By James DeRuvo (doddleNEWS)
When it comes to market share for cameras, Canon has been playing second fiddle to both the Panasonic and Sony for quite awhile now. And while the M50 was a step in the right direction, many naysayers have said it’s too little too late. But that’s not stopping the camera company from making plans for a mirrorless future.
“(It’s) a change in strategy spurred by sharp growth in the market … we need to actively roll out products even if there is some cannibalization” – Masahiro Sakata, President Canon Marketing, Japan
Based on an interview that Canon marketing president Masahiro Sakata gave recently, it looks like the DSLR centric company is finally tired of being a distant third in the mirrorless market, and he we are to take his comments at face value, it appears that the company is making a deliberate take towards mirrorless cameras, at least in the consumer market.
Being the long awaited 4K mirrorless camera, the M50 may have been Canon’s first serious step in creating a line of mirrorless cameras that can contend in the market, in spite of it’s several shortcomings. The M50 wasn’t the first Canon mirrorless camera, but previous models have been “also rans,” and not part of a major shift in focus.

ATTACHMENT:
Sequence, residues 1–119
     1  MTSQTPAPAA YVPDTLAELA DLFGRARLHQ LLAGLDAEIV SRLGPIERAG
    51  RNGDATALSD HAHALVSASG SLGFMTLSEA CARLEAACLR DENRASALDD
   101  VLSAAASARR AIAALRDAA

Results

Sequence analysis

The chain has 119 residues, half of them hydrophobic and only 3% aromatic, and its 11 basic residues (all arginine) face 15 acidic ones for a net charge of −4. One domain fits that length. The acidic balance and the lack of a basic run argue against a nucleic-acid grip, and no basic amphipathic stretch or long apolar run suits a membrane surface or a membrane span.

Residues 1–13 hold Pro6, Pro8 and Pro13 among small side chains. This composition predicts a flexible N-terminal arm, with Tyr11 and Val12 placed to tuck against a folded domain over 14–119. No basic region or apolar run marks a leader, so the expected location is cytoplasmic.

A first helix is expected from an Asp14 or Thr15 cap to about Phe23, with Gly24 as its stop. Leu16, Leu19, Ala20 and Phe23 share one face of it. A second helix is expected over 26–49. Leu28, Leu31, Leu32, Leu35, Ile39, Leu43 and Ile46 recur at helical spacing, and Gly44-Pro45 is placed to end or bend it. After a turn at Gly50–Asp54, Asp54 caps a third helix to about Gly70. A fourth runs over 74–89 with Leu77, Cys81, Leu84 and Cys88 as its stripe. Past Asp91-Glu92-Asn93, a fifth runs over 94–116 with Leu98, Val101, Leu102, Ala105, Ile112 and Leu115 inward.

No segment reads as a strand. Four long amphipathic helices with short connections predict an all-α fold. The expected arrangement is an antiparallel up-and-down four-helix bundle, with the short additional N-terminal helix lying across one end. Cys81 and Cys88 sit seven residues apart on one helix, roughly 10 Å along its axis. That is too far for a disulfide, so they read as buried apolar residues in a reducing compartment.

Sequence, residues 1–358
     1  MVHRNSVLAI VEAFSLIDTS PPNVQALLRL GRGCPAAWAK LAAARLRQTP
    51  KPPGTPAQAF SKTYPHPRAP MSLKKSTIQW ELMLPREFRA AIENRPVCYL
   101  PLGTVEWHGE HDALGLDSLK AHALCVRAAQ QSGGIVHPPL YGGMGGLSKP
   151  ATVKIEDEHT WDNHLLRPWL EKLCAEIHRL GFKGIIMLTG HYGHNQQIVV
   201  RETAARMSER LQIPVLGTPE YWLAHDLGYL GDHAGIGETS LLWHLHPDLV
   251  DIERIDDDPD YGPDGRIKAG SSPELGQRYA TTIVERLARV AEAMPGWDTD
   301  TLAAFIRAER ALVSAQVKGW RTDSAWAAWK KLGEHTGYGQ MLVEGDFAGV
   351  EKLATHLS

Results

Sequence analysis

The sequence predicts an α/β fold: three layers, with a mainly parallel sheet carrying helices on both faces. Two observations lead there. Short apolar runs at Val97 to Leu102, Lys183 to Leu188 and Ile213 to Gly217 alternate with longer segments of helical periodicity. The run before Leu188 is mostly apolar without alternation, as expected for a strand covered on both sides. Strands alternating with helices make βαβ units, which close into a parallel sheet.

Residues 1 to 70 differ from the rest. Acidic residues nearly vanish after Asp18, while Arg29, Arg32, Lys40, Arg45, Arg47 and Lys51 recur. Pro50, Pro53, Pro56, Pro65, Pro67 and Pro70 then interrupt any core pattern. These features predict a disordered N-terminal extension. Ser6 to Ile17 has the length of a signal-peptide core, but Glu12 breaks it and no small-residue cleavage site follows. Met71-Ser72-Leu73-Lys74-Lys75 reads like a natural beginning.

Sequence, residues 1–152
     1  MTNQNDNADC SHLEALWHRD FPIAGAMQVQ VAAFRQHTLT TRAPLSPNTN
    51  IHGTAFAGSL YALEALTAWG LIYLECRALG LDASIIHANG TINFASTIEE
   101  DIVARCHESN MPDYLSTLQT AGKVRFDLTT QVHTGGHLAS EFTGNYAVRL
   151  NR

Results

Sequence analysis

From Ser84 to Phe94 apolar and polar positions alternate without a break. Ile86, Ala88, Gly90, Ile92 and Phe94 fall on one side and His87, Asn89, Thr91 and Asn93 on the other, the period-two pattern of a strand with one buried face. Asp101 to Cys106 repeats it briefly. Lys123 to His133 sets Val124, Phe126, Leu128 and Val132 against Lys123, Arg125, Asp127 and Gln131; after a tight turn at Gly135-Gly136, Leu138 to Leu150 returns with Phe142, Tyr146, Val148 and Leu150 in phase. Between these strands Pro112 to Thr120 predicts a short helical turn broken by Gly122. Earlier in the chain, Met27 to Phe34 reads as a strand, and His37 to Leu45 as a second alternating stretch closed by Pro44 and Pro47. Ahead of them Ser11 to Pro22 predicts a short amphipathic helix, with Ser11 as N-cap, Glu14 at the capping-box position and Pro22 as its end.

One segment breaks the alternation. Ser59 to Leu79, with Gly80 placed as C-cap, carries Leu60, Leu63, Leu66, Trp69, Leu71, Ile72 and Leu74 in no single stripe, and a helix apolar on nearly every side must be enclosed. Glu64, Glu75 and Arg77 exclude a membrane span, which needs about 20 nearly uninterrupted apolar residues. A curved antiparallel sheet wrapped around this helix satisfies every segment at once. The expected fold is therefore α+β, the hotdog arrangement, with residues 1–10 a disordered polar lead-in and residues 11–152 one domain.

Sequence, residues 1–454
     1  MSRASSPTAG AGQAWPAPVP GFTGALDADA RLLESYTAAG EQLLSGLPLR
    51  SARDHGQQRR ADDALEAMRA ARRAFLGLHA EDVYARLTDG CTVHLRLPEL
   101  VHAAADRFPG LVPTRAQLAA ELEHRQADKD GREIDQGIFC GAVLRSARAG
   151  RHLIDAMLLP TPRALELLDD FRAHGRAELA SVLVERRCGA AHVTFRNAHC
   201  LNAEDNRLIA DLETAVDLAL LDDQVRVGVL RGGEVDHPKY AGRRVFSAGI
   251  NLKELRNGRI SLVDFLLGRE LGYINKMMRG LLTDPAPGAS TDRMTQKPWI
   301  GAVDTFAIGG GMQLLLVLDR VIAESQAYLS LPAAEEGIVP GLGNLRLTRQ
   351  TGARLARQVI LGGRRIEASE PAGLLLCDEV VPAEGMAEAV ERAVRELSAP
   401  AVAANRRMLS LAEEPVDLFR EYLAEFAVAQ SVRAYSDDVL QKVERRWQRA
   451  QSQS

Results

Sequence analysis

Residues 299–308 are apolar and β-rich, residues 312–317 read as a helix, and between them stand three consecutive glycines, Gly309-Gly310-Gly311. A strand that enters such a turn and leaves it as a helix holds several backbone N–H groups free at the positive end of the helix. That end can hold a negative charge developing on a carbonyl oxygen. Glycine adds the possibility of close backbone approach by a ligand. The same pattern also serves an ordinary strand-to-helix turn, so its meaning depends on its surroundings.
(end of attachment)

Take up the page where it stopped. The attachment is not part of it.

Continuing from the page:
Frankly, though. I’ll believe it when I see it. I’m not saying that Canon isn’t finally responding to the market shift by putting more energy in resources into creating a serious mirrorless design, in fact, I’m hoping that they are. And if Sakata’s comments are accurate, it means that the company is willing to take a loss in sales in their DSLR lines in order to get some market share in the mirrorless realm.
I’d love to see Canon take on the big two in the mirrorless category though, because competition is a good thing. It not only pushes the state of the art, but also brings down prices, which for a consumer is a win. But the question is, can Canon do it? The main problems with the M50, in spite of its nearly $1000 price tag, is that it loses dual pixel AF when shooting in 4K, leaving shooters to have to settle with contrast based autofocus.
Ideally, when you’re trying to grab market share, you want to grab it from the competition, and not from yourself. Initially, it makes sense that your sales would come from customers who are curious as to what the new market is bringing to the party, but in the long run, unless the plan is to abandon the old market altogether, you’re going to want to create a product that will get users of the competition to want to jump ship.
That’s what Panasonic did, and it resulted in many Canon shooters listing their old 5Ds on eBay in order to make the move to micro 4/3s mirrorless. That’s just the nature of competition.
But Canon is going to have to do a lot more if they hope to poach some market share from the other guys.
Hat Tip – Peta Pixel